It’s frustrating because I can see his point of view, but he can’t or won’t see mine. It’s a very white young male point of view, and it’s frustrating to keep banging my head against it. He’s by far the only one, but he’s the most persistent one. In addition, he’s put in nearly two thousand hours into DS III so he eclipses even me in my play of the game.
I’m finding myself less and less enamored of the RKG group in general. There was a racist ‘joke’ meme posted to the group last night by someone I like in general. Oh, same as the guy above. I like him in general. I’m just too old and tired and Asian and female for this shit. It’s not that I feel as if I don’t believe but that I am in the group on sufferance. It’s like that with any group, really, though. As lang as you fit into the parameters of what the group defines for itself, you’re accepted. Most of the parameters of this group are good, but the ones that aren’t, really aren’t.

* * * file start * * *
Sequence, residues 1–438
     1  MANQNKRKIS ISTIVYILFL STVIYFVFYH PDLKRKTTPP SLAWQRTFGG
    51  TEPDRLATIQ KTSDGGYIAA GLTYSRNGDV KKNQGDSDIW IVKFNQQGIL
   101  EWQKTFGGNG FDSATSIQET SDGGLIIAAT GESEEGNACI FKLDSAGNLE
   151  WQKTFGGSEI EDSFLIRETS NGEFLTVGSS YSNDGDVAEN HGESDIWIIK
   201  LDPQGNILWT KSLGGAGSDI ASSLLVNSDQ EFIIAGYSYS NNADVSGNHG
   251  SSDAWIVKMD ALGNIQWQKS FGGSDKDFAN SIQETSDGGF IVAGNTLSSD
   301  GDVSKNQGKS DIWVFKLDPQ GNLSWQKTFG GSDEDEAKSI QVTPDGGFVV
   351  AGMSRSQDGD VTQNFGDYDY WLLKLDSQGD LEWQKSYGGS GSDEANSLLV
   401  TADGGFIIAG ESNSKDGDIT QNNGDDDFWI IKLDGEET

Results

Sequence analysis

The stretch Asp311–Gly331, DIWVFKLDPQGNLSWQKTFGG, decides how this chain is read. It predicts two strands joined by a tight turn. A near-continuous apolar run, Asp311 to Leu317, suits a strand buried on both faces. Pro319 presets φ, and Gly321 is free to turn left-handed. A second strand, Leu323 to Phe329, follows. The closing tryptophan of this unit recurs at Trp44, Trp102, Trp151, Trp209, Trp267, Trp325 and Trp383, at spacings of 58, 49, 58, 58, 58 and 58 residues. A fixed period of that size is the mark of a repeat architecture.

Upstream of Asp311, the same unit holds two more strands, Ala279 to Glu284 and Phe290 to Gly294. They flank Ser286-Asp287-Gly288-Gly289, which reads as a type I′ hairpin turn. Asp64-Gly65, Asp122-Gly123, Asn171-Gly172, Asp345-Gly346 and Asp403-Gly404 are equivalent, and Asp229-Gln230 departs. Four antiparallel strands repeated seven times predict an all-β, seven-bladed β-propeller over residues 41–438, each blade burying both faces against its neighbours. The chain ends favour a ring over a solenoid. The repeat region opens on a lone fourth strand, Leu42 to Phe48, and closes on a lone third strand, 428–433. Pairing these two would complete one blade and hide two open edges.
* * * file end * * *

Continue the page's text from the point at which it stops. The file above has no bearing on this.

This is my issue with groups in general, though. They harden into a rigidity that I find boring. I used to go to different political forums, and whenever I reached the point of knowing who was going to say what in response to each issue (including myself), I would leave. There is rarely room for growth in groups, and I don’t have it in me to fight for that change. Take RKG. If most people are satisfied with how it’s run, then who am I to demand it change? Yes, it’s laddy, but that’s what the group wants. That’s the brand in a way, so who am I to point out that it’s not the most welcoming sometimes? Or that talking about alcohol for a whole stream is boring as fuck?